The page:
Summative feedback is offered on all assessed work in the form of comments and advice on the separate feedback sheet. Feedback is provided in relation to the assessment criteria that are circulated to students through programme and module paperwork. You are specifically encouraged to discuss your feedback on your assessed work with the module leader and your personal tutor in order to reflect on your learning and to articulate areas for improvement as clearly as possible.
How will I be assessed?
The taught modules within this programme are assessed through a variety of methods, including academic essays, linguistic analyses, analytical reports, research projects and oral presentations. Modules are assessed on the basis of analytical descriptions of texts or other media and/or discursive essays. You will often be encouraged to choose your own texts for analysis, or to collect original data, and to relate your analyses to areas of personal interest.
The emphasis in assessment is placed on critical and conceptual sophistication as well as on the production of clear, persuasive and scholarly essays presented in a professional manner and submitted on time.
You are encouraged to consult the relevant module leader to discuss the main ideas and the plan for your assignments.
What skills will I practise and develop?
On completion of the programme you will demonstrate the ability to:
- analyse and discuss core areas of English language and linguistics, including phonetics, grammar, semantics, pragmatics and discourse analysis
- identify and interpret a range of empirical linguistic phenomena and to use the relevant descriptive terminology
- analyse and assess how different social and cultural contexts affect the nature of language and meaning
- critically evaluate ideas, arguments and empirical research in language and linguistics
- discuss information and ideas clearly and coherently in both written and oral formats
- engage in independent reflection and enquiry and/or to work effectively in a team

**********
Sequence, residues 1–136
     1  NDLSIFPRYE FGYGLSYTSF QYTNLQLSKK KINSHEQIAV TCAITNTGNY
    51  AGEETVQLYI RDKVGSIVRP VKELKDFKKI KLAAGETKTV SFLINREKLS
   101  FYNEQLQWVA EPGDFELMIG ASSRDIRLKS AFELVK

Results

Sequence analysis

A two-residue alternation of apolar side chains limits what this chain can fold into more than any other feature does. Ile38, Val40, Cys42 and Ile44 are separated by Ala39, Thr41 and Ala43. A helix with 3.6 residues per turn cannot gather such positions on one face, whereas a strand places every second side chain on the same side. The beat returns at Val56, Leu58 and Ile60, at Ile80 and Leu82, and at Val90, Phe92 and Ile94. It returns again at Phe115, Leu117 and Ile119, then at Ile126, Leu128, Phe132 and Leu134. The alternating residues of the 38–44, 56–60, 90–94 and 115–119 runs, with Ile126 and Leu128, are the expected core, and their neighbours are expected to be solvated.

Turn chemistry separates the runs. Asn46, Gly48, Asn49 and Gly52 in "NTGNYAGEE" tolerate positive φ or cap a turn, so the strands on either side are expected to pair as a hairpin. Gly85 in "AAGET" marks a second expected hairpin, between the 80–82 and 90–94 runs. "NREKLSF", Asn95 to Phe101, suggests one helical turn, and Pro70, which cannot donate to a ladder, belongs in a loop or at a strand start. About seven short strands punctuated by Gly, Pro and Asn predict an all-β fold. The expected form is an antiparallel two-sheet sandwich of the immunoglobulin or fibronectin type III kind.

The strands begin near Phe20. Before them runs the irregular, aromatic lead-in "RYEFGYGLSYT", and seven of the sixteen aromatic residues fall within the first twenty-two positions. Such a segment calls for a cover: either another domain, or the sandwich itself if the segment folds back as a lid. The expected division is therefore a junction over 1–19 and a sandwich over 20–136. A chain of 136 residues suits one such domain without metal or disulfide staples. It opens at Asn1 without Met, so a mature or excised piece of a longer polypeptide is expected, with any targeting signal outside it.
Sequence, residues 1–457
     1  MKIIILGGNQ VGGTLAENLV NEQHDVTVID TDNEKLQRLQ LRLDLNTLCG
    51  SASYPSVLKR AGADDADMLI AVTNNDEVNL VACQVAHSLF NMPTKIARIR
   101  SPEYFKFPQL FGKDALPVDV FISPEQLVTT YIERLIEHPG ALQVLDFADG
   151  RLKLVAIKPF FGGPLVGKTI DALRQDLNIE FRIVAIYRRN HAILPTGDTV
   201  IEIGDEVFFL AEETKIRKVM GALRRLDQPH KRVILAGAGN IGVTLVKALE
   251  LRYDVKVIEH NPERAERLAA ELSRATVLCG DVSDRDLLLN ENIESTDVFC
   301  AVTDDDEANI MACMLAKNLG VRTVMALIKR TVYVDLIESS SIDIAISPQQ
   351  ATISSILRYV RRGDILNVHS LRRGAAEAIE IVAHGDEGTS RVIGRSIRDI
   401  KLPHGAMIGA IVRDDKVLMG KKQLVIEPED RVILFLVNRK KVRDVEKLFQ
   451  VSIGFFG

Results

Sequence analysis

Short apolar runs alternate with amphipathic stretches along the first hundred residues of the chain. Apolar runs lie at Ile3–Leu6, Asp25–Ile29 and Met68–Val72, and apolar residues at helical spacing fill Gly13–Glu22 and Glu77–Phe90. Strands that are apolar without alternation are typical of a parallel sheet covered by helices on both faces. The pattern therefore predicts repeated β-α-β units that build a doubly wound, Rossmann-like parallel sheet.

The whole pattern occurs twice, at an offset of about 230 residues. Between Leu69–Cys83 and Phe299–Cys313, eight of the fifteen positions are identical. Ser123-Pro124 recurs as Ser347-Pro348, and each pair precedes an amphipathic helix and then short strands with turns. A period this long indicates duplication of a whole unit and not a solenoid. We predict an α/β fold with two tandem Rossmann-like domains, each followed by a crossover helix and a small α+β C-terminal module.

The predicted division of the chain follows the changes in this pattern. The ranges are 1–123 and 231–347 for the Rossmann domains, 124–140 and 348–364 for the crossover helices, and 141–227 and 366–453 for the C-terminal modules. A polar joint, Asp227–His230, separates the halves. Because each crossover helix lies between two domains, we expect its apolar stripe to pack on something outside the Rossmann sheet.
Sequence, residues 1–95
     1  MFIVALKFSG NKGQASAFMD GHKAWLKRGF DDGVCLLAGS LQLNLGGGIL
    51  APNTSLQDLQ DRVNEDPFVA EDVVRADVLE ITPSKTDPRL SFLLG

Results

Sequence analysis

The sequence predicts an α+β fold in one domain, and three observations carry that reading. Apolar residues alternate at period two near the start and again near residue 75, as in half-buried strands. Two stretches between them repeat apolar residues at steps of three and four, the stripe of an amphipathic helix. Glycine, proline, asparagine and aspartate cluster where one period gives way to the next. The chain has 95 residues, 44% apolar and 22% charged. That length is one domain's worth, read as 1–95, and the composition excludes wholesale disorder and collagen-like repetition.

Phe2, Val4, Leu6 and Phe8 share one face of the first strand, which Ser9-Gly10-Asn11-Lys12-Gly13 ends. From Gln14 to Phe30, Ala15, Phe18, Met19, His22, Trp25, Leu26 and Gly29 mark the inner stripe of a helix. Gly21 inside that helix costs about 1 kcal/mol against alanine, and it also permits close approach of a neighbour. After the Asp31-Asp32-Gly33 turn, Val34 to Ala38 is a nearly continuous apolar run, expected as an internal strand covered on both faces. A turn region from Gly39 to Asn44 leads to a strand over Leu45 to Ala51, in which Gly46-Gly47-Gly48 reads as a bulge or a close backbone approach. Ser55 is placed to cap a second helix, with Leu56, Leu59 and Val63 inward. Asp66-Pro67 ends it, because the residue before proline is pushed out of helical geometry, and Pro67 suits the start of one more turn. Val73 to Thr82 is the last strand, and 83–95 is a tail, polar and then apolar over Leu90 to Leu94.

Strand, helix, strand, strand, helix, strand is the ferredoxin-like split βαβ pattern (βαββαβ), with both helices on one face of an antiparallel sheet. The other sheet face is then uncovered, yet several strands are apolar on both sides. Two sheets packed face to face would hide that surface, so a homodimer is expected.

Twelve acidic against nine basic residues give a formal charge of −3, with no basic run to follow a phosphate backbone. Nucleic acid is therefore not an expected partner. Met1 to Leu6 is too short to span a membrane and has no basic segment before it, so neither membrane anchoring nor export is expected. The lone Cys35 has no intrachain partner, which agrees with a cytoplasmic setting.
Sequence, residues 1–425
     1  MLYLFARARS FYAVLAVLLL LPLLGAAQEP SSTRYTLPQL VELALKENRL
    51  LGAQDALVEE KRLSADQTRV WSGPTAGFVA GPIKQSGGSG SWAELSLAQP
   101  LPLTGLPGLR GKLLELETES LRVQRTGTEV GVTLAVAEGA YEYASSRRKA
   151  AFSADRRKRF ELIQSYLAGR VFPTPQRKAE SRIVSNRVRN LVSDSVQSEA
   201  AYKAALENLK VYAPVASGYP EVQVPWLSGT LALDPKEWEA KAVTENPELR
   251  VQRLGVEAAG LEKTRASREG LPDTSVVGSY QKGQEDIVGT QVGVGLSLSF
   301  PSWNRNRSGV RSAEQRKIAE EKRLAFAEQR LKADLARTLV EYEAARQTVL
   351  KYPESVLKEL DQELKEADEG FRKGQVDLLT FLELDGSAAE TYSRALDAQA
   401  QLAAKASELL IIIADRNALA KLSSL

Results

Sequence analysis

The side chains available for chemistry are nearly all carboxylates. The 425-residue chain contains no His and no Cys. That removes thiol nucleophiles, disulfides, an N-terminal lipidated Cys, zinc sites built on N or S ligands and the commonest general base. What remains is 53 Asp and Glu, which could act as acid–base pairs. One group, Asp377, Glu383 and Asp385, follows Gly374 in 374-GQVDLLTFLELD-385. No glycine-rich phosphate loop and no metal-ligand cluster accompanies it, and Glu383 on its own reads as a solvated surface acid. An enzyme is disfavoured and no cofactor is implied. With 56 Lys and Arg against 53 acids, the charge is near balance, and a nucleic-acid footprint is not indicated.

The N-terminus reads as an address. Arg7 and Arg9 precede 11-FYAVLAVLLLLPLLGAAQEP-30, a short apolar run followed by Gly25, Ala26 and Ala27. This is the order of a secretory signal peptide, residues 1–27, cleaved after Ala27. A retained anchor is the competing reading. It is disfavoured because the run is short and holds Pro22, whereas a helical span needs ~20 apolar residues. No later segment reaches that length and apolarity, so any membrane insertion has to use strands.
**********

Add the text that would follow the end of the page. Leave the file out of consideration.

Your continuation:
- collect, evaluate, synthesise and interpret qualitative and/or quantitative linguistic data
- evaluate the impact of language use in a given context
- sustain a critical argument that is responsive to the particular conventions of the genre
This programme will offer preparation for all careers where language is used for any purpose, for example, to influence or persuade, inform, educate or entertain. Gaining an MA will demonstrate higher abilities in research and communication.
Examples of future work destinations include research, teaching, speech and language therapy, publishing, writing, editing, information design, librarianship, as well as professional jobs, such as banking and HR, and public sector jobs, such as those in the civil service or local government. However, the degree is not limited to these possible directions and offers a good preparation for roles in a variety of fields which involve reasoning, critical and evaluative work, verbal and written skills, assimilation of information, communicative skills such as an awareness of linguistic variation, as well as some quantitative skills and skills in presenting information using technology.
You may also choose to undertake further study in the form of a PhD.
UK and EU students (2019/20)
More information about tuition fees and deposits, including for part-time and continuing students.
EU students entering in 2019/20 will pay the same tuition fee as UK students for the duration of their course. Please be aware that fees may increase annually in line with inflation. No decisions regarding fees and loans for EU students starting in 2020/21 have been made yet. These will be determined as part of the UK's discussions on its membership of the EU and we will provide further details as soon as we can.
Students from outside the EU (2019/20)
More information about tuition fees and deposits, including for part-time and continuing students.
Will I need any specific equipment to study this course/programme?
You will need to equip yourself to take notes in classes. You will need to word-process assignments and may need computer access for other purposes. Although computers are provided on the University campus (in libraries, for example), many students do like to have access to their own desktop or laptop computer.
Additionally, you may choose to buy some books to support your learning. This is not compulsory and all learning resources are available via the University libraries.
We will provide computer access, including access to specialist computer labs, specialist software and specialist technicians. We will also provide access to the Cardiff University libraries, which offer books and a wide range of online resources.
The Research Experience module offers the opportunity to work with a member of staff on an ongoing, authentic research task within part of a larger research study. This is a distinctive form of study and offers the opportunity to gain hands-on research experience and to reflect systematically on that experience. Findings from the Research Experience module will feed directly into ongoing work in the Centre for Language and Communication Research.
There are no formal study abroad opportunities associated with this programme.